How and Why to Take a Break From the News
The world is "on fire" and so are our central nervous systems. Breaks help.
Posted January 13, 2021 | Reviewed by Ekua Hagan
This week, in America, and around the world, our ability to focus, be present in our daily lives, and stay emotionally regulated is at great risk. Historic events are unfolding before our eyes and critically important news stories are constantly evolving. The resulting state of high alert is taking a massive toll on our collective and individual well-being.
If we are to move through the next week with any sense of agency and groundedness, it is imperative that we do some thinking about the way in which we will (or will not) engage media. Our near-constant connection to our devices has always come with certain benefits and costs to our well-being. This particular time in history provides a uniquely tricky challenge in balancing these. Yes, we must be informed. We must also, however, tend to our own physical and mental health, both of which are impacted by the sensational way in which history is playing out.
In order to care for ourselves well, we would benefit from considering our media intake and making a plan for taking breaks throughout this week. Here are some ideas:
1. Establish a self-check norm and set limits on access to media. Our constant awareness of evolving and provocative current events, along with our immediate access to information, leaves us unable to be fully present to ourselves and the situations we are physically in. The knowledge that something new and frightening/angering/exciting/traumatic could occur at any moment puts us and our bodies on high alert and in a fight, flight, freeze, or faint mode.
Creating a habit of checking in with ourselves before accessing news sources can go a long way toward maintaining a sense of emotional balance. If we feel we must access the news, making a commitment to identify our emotional state, and taking at least one action to address it before doing so can help.
If we are already anxious or feeling distressed, taking three or four deep breaths and naming at least one thing we are grateful for before tuning in would go a long way toward approaching the news from a place of grounding.
Similarly, as we step away from checking current events, asking ourselves if there are big feelings we need to address (or exhale away to be addressed later) can help.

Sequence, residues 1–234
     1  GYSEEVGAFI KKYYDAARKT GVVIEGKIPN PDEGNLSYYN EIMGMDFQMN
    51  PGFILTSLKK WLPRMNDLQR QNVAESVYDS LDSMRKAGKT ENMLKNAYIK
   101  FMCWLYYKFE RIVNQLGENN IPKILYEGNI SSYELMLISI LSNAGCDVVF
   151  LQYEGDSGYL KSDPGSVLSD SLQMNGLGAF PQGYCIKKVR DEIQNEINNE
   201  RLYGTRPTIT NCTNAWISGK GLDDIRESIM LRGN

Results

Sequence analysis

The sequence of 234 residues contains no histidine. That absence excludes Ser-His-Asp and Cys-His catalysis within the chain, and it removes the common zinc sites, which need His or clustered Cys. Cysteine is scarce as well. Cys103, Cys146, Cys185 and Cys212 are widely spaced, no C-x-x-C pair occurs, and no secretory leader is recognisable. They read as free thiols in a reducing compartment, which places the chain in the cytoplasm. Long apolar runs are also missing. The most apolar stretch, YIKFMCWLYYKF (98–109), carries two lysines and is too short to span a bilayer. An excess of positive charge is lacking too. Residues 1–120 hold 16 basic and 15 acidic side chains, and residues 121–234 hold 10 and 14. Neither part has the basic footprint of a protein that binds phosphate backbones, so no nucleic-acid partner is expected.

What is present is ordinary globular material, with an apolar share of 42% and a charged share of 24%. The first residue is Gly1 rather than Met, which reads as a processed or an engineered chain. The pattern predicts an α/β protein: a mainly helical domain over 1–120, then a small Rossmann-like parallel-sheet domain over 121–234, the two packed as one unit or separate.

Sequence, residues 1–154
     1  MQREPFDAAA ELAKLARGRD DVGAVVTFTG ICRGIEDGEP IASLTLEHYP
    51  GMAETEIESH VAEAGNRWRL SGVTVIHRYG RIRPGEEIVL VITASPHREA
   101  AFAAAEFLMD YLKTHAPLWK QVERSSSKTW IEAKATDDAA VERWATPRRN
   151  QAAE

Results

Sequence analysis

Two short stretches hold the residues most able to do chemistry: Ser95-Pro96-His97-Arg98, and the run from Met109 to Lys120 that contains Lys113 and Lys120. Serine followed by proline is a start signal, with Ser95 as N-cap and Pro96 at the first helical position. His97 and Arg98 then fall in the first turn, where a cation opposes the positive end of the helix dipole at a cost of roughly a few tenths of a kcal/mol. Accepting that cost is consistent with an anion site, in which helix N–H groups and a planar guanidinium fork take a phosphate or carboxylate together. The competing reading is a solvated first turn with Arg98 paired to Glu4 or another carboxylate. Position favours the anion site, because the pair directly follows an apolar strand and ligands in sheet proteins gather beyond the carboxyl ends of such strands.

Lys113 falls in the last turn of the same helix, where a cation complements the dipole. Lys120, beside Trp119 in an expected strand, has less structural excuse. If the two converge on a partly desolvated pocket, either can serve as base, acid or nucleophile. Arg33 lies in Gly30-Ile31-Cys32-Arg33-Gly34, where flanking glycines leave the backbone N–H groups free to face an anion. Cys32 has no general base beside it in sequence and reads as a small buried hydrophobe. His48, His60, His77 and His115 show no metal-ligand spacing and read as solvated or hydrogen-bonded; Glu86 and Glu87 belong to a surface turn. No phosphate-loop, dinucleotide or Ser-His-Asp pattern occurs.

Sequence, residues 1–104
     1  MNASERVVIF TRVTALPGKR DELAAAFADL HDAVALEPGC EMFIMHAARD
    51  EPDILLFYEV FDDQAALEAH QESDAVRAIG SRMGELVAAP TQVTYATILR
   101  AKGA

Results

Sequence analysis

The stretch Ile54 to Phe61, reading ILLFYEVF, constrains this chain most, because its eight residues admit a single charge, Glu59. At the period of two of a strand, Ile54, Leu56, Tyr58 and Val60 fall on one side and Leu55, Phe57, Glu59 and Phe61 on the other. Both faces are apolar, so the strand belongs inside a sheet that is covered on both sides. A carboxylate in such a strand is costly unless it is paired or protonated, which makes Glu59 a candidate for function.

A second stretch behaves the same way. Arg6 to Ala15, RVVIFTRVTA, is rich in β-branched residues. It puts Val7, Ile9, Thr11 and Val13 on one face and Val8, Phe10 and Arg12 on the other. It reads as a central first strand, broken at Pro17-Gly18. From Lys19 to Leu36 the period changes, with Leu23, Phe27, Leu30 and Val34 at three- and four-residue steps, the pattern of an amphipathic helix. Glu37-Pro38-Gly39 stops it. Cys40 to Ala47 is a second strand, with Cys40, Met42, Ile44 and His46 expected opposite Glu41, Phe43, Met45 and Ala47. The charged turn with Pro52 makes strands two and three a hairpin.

Practically, deleting news and social media apps from our phones and committing to only using them on a desktop or tablet can help limit unconscious news checking and doom scrolling. Pre-choosing specific times to check the news each day is also a good strategy. If we find ourselves tempted to seek out information between these times, it would help us to find something appealing or soothing to engage with outside of the digital domain (number 4 below will help with this).
2. Set specific times to take breaks and stick to them. We can set alarms or ask friends to hold us accountable. Letting people who may reach out to us during our breaks know that we won’t be responding would be a good idea. It’s important to do everything in our power to set ourselves up for success. The reward will be a greater sense of agency and grounding in our day.
3. At least once a day, commit to stepping away from all media. It’s easy to think that only current events and news stories can stress us. The reality is, however, that social media use is not only correlated with a higher incidence of anxiety and depression but it can also cause both. To step away from the news and into social media just means a switch in the kind of potential distress we expose ourselves to. If relational connection is what we need during our time away from the news, consider a phone call to a trusted friend, agreeing not to discuss current events, rather than mindless scrolling through social media.
4. Find, invest in, and have on hand things/ideas/activities to engage with when stepping away from media. Put a jump rope or balance board where they are easy to engage or leave a bowl of Legos or Kinetic Sand on the coffee table. There are plenty of high-quality manipulative games and skill toys available at our local toy or hobby stores and they are not just for children. These offer something for our hands and mind to engage while we’re doing the hard work of stepping away from our devices.
A few of my favorites are Perplexus Maze Balls, Rush Hour, Number Tile Scramble Games, Yo-Yos, Kendamas, and Luna Sticks. Learning a simple origami technique or doing a brain dump, writing down everything in our minds for five minutes without stopping, might also be good activities to try. For ultimate impact, get outside or near an open window during the break and move. Fresh air and movement help calm the central nervous system which is on high alert during times of cultural distress.
5. Get perspective. The news is going to be constantly changing in the next few weeks. Taking 30 minutes away from all updates and devices may mean we miss something but it doesn’t, necessarily, put us at risk. In fact, consistent times away from media will actually help us be able to synthesize new information (when we return) and give us the resources we need to stay emotionally regulated while doing so.
If you are a member of a vulnerable population it’s likely that you feel a heightened need to be informed of changes in national or local events almost immediately. This makes sense. If this is the case for you, consider forming a “pod” of people with whom you can share responsibility for knowing and sharing current events. For instance, if there are three other people who share your vulnerabilities, you might consider making a schedule where each of you covers a certain period of the day “on call,” promising to inform others of any pressing changes while they take time away from the news media. This time away is crucial for maintaining health in these trying times.